The pace of childhood death has declined sharply in recent decades, according to a United Nations report released today.
According to latest annual report of the UN Inter-agency Group for Child Mortality Estimation (UN-IGME), there was an estimated 6.9 million children died before their fifth birthday in 2011 compared to around 12 million in 1990.
The report says that rates of child mortality have fallen in all regions of the world in the last two decades. The rates were down by at least 50 per cent in Eastern Asia, Northern Africa, Latin America and the Caribbean, South-eastern Asia and Western Asia.
In addition, between 2000 and 2011, the annual rate of reduction in the global under-five mortality rate jumped to 3.2 per cent, up from 1.8 per cent in 1990-2000.
In Sub-Saharan Africa, the region with the greatest challenge in child survival, the rate of reduction has doubled its rate of reduction.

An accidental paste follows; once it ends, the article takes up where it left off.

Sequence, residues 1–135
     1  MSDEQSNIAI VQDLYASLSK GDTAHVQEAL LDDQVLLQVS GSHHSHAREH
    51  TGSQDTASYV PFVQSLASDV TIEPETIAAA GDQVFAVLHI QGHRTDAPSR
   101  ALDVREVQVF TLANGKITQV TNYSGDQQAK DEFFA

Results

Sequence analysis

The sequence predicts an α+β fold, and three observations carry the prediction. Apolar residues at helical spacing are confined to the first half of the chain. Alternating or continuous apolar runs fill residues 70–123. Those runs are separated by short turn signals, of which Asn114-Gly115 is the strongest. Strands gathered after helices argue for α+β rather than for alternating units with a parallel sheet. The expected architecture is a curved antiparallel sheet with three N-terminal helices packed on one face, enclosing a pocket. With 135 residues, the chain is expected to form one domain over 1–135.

However, the UN report pointed out that amidst greater gains, proven solutions need to be expanded to accelerate progress on child survival faster and farther
The UN-IGME highlighted hat gains in child survival, although significant, are still insufficient to achieve the fourth MDG.
Only six of the world’s 10 regions are on track to reach the target.
The report unveils that an estimated 19,000 children still died every day in 2011 globally.
In 2011, the UNICEF reported that children’s well-being has improved dramatically thanks to increased global political will and efficient supportive programmes and policies.
Among the most prominent accomplishments highlighted by the report is the significant decline in child mortality rates. Malnutrition also declined in developing countries in the past 18 years.
Another influencing factor has been an increase in targeted spending by countries and development assistance organizations.
However, UNICEF and Save the Children warned that much remains to be done, stressing that there is great need to focus on the poorest households, which have the highest rates of child deaths.